Heroes Eventually Die: Lauryn Hill and “Us”

“Even the sun goes down, heroes eventually die
Horoscopes often lie and sometimes “y”
Nothin’ is for sure, nothin’ is for certain, nothin’ lasts forever
But until they close the curtain
it’s him & I Aquemini..” — Outkast excerpted from Aquemini

To worship Lauryn Hill is to miss the point entirely. The impulse to glorify her genius or gift only creates a dangerous distance between her humanity and “ours” (a fiction in its own right). It is to obscure that which binds us; our pain and our triumph and the countless points of intersection and overlap in all of our fabulously messy and non-linear life trajectories. Of course, the temptation to attribute her success to the specifics of Lauryn Hill (the celebrity as differentiated from the person) is somehow always lurking in the shadows of our mind. I imagine it is similarly seductive to indulge one’s vampiric audience by performing the omniscient all-knowing celebrity archetype our culture shamelessly demands. But who am I kidding? Lauryn is more often cannibalized than revered. Fans have been harboring oceans of resentment against her since the release of her Unplugged album. She has quickly become the Joaquin Phoenix of hip hop. There is something terrifyingly toxic about this compulsion to possess her; to leave her stranded atop the mountain of mastership she ascended back in the “Miseducation of Lauryn Hill” days. I retired my naive attempt to understand fans’ deeply rooted sense of betrayal a long time ago. It is my hope that the circulation of the above videos disrupts the cliche (and vindictive) narrative of Lauryn as some raging lunatic or bitter politician or fallen angel or scorned lover or religious zealot or any other combination of rigid and dichotomous identities that we’ve scripted her into. In “The Uses of The Blues” James Baldwin writes:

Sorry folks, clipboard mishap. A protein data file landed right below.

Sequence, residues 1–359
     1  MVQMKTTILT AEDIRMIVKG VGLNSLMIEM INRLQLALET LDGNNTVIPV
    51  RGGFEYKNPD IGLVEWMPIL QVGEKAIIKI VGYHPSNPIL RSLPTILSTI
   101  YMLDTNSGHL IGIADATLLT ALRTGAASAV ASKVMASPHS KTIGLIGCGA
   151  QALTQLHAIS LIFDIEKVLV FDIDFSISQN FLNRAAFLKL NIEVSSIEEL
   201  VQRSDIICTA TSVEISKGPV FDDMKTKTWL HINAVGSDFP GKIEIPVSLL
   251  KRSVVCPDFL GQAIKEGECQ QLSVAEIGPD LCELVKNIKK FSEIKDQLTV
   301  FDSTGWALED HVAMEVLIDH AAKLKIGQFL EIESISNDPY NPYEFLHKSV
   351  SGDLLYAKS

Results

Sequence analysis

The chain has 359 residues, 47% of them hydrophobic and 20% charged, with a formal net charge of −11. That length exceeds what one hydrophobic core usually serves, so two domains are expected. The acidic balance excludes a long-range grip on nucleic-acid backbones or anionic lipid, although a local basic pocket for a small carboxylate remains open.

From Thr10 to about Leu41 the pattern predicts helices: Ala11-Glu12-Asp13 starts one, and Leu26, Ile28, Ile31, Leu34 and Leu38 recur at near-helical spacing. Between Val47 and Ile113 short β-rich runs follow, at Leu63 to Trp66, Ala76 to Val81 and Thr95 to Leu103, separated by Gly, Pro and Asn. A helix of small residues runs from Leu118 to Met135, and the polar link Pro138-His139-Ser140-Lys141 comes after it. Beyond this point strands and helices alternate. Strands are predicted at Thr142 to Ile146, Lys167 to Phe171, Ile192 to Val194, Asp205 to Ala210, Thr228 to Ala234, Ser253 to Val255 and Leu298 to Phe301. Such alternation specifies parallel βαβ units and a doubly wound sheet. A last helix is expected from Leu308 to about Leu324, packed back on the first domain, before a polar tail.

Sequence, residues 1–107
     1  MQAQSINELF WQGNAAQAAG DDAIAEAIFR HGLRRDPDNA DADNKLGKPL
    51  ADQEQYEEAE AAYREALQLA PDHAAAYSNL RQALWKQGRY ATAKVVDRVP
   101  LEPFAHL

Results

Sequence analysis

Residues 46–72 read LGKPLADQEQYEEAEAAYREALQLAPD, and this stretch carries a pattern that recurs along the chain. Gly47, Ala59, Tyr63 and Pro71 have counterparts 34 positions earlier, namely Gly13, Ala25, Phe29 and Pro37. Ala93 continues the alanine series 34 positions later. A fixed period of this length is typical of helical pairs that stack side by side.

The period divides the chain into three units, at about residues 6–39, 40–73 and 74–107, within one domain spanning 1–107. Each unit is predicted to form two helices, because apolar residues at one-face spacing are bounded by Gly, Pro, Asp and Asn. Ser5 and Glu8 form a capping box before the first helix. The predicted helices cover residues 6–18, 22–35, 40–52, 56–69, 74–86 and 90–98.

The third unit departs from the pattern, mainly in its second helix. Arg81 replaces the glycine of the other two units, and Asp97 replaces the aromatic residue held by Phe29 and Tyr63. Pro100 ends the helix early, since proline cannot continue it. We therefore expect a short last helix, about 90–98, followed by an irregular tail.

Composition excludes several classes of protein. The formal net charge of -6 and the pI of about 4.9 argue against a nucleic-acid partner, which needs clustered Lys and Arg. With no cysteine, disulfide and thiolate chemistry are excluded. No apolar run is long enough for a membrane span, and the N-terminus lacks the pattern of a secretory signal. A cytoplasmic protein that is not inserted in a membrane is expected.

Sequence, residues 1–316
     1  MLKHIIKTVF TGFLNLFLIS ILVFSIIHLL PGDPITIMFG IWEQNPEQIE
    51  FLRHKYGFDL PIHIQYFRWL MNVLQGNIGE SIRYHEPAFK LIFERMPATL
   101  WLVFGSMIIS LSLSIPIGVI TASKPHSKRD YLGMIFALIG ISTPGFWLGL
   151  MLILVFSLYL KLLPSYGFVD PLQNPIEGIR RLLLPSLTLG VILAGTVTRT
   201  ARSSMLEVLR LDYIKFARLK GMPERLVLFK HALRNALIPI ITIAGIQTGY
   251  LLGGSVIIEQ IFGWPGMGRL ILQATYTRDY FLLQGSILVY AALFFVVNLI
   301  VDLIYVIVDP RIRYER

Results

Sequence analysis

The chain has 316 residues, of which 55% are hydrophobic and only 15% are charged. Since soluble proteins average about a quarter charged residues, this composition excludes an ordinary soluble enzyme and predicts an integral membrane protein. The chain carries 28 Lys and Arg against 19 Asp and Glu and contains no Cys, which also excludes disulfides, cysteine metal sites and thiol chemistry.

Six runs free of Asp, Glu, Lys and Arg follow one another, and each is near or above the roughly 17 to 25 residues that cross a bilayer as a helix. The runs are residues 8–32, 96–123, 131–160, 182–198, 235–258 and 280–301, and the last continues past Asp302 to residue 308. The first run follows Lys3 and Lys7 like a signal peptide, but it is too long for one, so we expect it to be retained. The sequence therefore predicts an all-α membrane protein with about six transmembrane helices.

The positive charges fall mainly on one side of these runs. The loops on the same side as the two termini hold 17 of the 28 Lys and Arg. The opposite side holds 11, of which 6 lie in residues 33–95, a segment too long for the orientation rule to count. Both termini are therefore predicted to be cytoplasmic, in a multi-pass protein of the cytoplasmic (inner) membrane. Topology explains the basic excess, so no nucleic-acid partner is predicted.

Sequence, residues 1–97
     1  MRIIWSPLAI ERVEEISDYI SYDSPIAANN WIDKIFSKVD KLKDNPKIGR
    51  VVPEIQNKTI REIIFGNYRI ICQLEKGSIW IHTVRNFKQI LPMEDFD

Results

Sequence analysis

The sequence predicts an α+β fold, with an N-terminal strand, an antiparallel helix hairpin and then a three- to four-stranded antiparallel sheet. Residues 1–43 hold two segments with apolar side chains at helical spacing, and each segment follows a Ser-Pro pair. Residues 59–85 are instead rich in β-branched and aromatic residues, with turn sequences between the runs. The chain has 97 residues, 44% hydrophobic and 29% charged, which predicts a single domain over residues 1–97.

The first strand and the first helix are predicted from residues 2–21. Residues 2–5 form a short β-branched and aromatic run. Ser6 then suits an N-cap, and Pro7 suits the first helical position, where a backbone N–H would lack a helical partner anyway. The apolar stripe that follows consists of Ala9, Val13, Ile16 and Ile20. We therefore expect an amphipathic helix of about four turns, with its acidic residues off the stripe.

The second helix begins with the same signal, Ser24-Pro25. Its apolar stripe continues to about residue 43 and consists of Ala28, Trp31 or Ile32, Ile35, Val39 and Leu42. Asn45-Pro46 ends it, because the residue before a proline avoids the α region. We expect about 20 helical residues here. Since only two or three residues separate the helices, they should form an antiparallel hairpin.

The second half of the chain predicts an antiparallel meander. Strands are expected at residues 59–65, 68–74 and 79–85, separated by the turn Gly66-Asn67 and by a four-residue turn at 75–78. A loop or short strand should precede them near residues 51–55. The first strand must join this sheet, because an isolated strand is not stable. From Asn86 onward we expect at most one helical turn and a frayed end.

In evading my humanity, you have done something to your own humanity. We all do this all the time, of course. One labels people. But in the doing of this, you have not described anything — you have not described me, you have only described yourself. What I think of you says more about me than it can possibly say about you.

And so I wonder what the construction of Lauryn’s “insanity” in the popular American imaginary says about us. What is our stake in preserving her persona; in some romantic freeze frame of her glowing radiant image in the Ex-Factor video? What threat does change pose to the fragile balance of our universe? I found that the above speech demystifies this rather cruel relationship between artist and audience and reveals something far more tender and vulnerable (but not unbearably so). Lauryn’s playful mockery of the first brave high school student’s convoluted language effectively disarms the audience’s expectation of her to play “politician”. Once she establishes a conversational level of engagement, it becomes clear that her intent is not to impart cliche wisdom (a la Diddy) or deliver an impassioned indictment of “the Industry” and it’s perilous evils. The epicness of it all falls away with every appropriately corny Matrix reference and nostalgic anecdote. There is no sentimental soundtrack quietly manipulating the students in the background; no staged Dead Poet’s SocietyOh Captain, My Captain” moment of collective Eureka! It is far less cinematic and earth-shatteringly transformative. Instead, we are all left with more questions about ourselves than answers about Lauryn. To me, that alone is the greatest testament to her speech making abilities and reflects an honest portrait of a person offering her own experience and story to illustrate that ultimately we know nothing and isn’t that a beautiful and necessary surrender? I think so.